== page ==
Prince of Wales Fort

Churchill, Canada

The Prince of Wales Fort is a historic Bastion fort on Hudson Bay across the Churchill River from Churchill, Manitoba.

The European history of this area starts with the discovery of Hudson Bay in 1610. The area was recognized as important in the fur trade and of potential importance for other discoveries. The fort is built in a European 'star' shape.

The first wooden fort was built in 1717 by James Knight of the Hudson's Bay Company (HBC) and was originally called the 'Churchill River Post'. In 1719, the post was renamed Prince of Wales Fort, but is more commonly known today as Fort Prince of Wales. It was located on the west bank of the Churchill river to protect and control the Hudson's Bay Company's interests in the fur trade.

The original wooden fort was replaced by a massive stone fort, perhaps to abide by the Royal Charter which required that Rupert's Land should be fortified. Construction of this fort, a structure still standing today, was started in 1731 near what was then called Eskimo Point. It was in the form of a square, with sides 100 metres long and walls six metres tall and 10 metres thick at the base.

It had forty-two cannons mounted on the walls. There was also a battery across the river on Cape Merry meant to hold six more cannons. Work on the fort continued almost without break until 1771, but it was never truly completed.

In the 1780s, the French government launched a 'Hudson Bay Expedition' to damage HBC activities in that bay. Three French warships of the Expedition, led by Jean-François de La Pérouse, captured the Prince of Wales Fort in 1782. The fort was manned by only 39 (non-military) men at the time, and the fort's Governor, Samuel Hearne, recognised the numerical and military imbalance and surrendered without a single shot being fired. The French partially destroyed the fort (but its mostly-intact ruins survive to this day).

The fort returned to the HBC in 1783. Thereafter, its importance waned with the decline in the fur trade although the post was refounded a little way up the river. The remains of these buildings still stand in the Fort, although none of them are intact, with roofs long since deteroriated.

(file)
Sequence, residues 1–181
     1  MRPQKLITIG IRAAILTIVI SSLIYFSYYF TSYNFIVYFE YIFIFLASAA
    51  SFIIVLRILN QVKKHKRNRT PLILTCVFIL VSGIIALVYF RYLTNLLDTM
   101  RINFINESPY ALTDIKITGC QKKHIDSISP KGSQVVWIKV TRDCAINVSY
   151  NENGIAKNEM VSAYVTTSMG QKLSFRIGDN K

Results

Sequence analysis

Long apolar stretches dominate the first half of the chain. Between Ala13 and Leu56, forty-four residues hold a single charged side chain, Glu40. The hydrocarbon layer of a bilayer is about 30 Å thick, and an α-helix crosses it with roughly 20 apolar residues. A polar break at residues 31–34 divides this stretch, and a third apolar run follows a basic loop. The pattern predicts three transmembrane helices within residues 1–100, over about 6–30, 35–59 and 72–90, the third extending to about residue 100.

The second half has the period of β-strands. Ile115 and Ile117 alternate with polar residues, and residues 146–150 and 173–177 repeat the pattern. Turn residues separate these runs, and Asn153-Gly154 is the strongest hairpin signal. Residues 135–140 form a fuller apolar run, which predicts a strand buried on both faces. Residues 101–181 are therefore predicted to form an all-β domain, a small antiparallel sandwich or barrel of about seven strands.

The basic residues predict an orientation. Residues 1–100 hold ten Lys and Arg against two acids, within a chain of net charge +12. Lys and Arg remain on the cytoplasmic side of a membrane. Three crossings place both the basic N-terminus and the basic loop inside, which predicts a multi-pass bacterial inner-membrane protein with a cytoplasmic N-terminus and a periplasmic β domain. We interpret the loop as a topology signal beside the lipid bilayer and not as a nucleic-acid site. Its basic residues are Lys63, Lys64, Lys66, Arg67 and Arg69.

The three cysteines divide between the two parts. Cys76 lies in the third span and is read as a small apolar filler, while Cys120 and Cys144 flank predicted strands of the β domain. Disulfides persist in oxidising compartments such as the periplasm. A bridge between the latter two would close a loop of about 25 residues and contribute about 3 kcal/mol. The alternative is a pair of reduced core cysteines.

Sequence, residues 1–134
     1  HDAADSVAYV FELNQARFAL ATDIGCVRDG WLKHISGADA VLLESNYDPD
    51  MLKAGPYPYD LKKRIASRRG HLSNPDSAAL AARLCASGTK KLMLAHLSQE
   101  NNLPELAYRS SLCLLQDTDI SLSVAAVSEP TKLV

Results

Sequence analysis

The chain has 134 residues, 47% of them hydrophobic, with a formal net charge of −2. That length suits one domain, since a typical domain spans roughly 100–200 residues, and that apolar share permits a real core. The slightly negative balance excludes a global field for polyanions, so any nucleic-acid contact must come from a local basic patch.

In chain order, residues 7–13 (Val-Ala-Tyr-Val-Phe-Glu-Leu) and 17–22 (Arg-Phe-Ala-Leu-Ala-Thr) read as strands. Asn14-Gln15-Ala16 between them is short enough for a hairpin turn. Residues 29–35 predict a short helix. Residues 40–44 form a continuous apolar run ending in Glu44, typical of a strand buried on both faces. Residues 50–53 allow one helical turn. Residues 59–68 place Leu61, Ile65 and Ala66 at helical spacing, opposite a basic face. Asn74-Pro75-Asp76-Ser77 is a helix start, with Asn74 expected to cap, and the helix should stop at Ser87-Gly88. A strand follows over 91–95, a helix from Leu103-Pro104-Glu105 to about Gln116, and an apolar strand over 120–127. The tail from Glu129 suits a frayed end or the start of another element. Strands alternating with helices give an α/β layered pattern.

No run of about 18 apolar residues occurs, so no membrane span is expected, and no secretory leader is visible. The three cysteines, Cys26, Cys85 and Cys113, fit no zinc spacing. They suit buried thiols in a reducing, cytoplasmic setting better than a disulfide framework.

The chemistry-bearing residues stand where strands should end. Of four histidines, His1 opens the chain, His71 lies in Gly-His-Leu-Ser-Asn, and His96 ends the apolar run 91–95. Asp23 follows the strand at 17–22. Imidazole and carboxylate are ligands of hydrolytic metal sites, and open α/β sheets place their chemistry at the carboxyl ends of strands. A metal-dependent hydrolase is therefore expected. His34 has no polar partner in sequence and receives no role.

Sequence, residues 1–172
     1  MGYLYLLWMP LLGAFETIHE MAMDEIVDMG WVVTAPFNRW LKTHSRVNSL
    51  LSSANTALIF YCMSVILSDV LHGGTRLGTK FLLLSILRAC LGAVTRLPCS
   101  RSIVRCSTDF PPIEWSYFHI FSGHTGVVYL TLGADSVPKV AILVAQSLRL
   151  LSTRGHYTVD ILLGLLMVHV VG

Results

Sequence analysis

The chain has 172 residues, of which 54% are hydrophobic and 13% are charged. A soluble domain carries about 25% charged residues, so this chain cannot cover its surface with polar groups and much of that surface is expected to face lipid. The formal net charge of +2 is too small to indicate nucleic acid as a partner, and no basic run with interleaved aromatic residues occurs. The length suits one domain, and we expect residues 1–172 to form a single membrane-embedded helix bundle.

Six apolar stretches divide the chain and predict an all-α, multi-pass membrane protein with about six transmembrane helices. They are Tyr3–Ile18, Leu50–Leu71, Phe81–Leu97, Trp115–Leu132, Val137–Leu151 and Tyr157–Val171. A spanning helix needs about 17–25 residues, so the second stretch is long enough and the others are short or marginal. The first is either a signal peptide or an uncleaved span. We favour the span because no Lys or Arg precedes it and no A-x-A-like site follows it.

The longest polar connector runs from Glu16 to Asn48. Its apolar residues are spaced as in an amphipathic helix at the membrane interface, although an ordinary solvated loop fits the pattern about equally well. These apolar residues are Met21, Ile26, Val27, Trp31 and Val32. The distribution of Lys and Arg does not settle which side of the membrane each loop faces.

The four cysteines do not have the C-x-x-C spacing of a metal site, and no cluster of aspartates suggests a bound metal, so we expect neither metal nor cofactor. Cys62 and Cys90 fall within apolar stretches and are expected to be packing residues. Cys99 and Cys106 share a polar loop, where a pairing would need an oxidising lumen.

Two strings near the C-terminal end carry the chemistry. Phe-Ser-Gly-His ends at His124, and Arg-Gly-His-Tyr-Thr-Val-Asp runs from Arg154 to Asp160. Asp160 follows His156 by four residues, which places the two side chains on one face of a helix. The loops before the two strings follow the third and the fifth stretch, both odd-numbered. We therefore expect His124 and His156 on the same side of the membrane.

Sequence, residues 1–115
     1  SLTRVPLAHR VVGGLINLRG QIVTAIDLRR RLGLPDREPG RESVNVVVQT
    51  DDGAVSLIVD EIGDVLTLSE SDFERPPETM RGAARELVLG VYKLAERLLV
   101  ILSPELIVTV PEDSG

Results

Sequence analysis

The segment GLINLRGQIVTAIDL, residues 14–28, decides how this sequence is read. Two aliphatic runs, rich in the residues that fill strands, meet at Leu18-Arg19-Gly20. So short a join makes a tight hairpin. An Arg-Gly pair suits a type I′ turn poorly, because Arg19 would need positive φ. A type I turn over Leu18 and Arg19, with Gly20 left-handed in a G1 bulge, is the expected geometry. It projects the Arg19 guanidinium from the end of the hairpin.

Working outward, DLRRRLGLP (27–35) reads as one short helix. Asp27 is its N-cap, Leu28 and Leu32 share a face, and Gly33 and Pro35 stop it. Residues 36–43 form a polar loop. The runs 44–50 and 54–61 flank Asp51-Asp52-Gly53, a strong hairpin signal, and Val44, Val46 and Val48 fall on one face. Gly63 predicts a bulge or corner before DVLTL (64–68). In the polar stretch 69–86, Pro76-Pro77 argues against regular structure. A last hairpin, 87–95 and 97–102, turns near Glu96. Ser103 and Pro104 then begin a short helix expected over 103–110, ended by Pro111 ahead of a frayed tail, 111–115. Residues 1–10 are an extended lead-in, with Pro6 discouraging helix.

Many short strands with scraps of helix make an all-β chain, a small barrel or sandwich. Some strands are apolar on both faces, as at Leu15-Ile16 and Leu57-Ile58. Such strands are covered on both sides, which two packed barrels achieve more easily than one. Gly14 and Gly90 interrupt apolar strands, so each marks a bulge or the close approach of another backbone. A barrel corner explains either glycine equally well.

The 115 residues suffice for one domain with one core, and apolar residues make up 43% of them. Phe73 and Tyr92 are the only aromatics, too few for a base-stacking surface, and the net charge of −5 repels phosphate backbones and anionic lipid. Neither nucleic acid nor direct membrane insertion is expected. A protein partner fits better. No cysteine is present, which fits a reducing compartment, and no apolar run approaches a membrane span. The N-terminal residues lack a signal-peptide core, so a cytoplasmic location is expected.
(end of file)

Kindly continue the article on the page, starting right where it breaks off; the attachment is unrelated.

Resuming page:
After the construction of the Hudson Bay Railway to Churchill was completed in 1929, railway labour and railway construction equipment was used to restore the fort. Restoration work was also performed in the late 1950s. Archaeological investigations at and around the fort began in 1958.

Since 2005, Parks Canada archaeologists have been working in and around the fort in conjunction with a large-scale wall stabilization work and a fort interpretation program.

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Details

Founded: 1731
Category: Castles and fortifications in Canada

More Information

en.wikipedia.org
www.pc.gc.ca

Rating

4.7/5 (based on Google user reviews)

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User Reviews

Niroshan Mirando (3 months ago)
Absolutely love this place.
Steve Ens (8 months ago)
What an amazing story. Also we were fortunate enough to see a polar bear as we left the fort with our guide.
Johann Loewen (8 months ago)
Great place with interesting history. The staff of Parks Canada here were very nice and passionate about their job.
J Brown (9 months ago)
Was here by dog sled years ago when Prince Charles was up there to attend Fort. We were up there to handle the Aircraft stairs truck. 1993 ish. Will upload photos soon. Very cool to see it with out the snow ❄
Rod Salm (2 years ago)
I'm biased here as I used to live in Churchill. Having admitted that, this fort is an incredible part of Canadian history. Parks Canada has made it more accessible than ever and you should take the time out of your life to visit.
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